Men taking alpha blockers for benign prostatic hyperplasia (BPH) have better outcomes from shock wave lithotripsy (SWL) for kidney stones than men not taking the medications, according to investigators in Turkey.
A team at Baskent University in Ankara led by Umit Gul, MD, studied 248 men who underwent SWL for urinary stones (kidney, ureteral, or both) in 264 renal units (RUs) in 248 men older than 50 years. Thirty-four of the RUs were in men taking alpha blockers for BPH and 230 were in men not on the medications.
SWL achieved stone-free status in 30 RUs (88.2%) in the alpha blocker group compared with 165 RUs (71.7%) in the group not taking alpha blockers, a significant difference between the groups, according to findings published online ahead of print in the Journal of Endourology. The improved results with alpha blockers were independent of alpha blocker type.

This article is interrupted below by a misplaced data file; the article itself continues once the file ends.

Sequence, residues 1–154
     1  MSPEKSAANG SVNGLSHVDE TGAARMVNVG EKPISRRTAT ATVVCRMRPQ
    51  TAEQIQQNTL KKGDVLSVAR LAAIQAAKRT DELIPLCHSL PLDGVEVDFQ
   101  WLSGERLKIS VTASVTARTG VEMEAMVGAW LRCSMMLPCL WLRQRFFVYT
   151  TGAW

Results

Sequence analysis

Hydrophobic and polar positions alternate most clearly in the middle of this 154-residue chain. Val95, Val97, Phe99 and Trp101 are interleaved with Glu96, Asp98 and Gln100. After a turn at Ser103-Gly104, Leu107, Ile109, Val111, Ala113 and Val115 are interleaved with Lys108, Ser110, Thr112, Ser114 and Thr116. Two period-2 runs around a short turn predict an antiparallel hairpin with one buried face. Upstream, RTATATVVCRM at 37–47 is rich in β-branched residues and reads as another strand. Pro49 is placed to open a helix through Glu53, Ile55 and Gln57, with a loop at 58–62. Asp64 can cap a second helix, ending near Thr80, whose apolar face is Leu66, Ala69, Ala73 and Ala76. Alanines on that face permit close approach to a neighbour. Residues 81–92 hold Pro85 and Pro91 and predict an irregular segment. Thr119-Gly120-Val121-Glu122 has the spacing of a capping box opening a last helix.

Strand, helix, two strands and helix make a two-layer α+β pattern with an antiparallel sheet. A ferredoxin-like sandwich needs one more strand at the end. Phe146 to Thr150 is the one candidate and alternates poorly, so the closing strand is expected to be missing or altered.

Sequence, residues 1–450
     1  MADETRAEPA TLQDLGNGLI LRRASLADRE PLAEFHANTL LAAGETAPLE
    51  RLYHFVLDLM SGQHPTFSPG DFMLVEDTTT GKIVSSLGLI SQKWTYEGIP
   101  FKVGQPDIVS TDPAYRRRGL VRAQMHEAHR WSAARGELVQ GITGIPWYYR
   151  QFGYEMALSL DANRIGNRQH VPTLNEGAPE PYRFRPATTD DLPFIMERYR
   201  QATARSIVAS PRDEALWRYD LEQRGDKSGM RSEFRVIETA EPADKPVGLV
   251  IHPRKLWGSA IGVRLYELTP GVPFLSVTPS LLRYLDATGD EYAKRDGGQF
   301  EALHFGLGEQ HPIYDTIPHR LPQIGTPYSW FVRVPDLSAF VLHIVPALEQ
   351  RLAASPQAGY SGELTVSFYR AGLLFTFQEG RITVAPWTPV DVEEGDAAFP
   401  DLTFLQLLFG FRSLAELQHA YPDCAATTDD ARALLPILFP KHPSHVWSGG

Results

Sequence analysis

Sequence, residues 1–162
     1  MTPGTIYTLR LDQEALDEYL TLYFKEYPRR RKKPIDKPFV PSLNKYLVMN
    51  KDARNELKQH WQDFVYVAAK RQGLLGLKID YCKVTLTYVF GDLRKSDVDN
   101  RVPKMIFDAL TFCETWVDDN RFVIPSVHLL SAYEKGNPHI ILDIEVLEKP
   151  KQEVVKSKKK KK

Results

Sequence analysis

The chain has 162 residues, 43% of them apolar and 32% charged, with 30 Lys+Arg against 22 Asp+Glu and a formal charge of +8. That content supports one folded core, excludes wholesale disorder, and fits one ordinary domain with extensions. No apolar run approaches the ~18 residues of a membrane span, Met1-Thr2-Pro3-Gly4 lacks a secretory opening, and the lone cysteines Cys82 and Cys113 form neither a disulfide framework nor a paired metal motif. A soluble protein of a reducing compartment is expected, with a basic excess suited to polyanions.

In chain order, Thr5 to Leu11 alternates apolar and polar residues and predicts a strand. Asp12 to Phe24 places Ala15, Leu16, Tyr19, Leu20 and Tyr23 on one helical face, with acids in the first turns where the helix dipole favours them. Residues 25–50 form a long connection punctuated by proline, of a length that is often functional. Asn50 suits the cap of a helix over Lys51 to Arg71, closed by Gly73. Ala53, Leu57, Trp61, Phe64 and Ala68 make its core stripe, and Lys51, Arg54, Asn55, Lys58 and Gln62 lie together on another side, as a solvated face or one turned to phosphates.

The men taking alpha blockers had a significantly higher mean age than those not taking the drugs (63.2 vs. 58.6 years). The two groups were similar with respect to stone size, number of SWL sessions, and number of shock waves.
Previous studies have resulted in conflicting findings. A study by Bora Küpeli, MD, and colleagues at Gazi University School of Medicine in Ankara (Urology 2004;64:1111-1115) found that adding the alpha blocker tamsulosin to conventional treatment improved clearance of lower ureteral stones, especially when the drug was combined with SWL. However, a study by Stavros Gravas, MD, and coworkers at the University Hospital of Larissa in Larissa, Greece (Urol Res 2007;35:231-235) demonstrated no significant difference in stone clearance rates among patients with lower ureteral stones 6 mm or larger in diameter who received diclofenac without or without tamsulosin after SWL.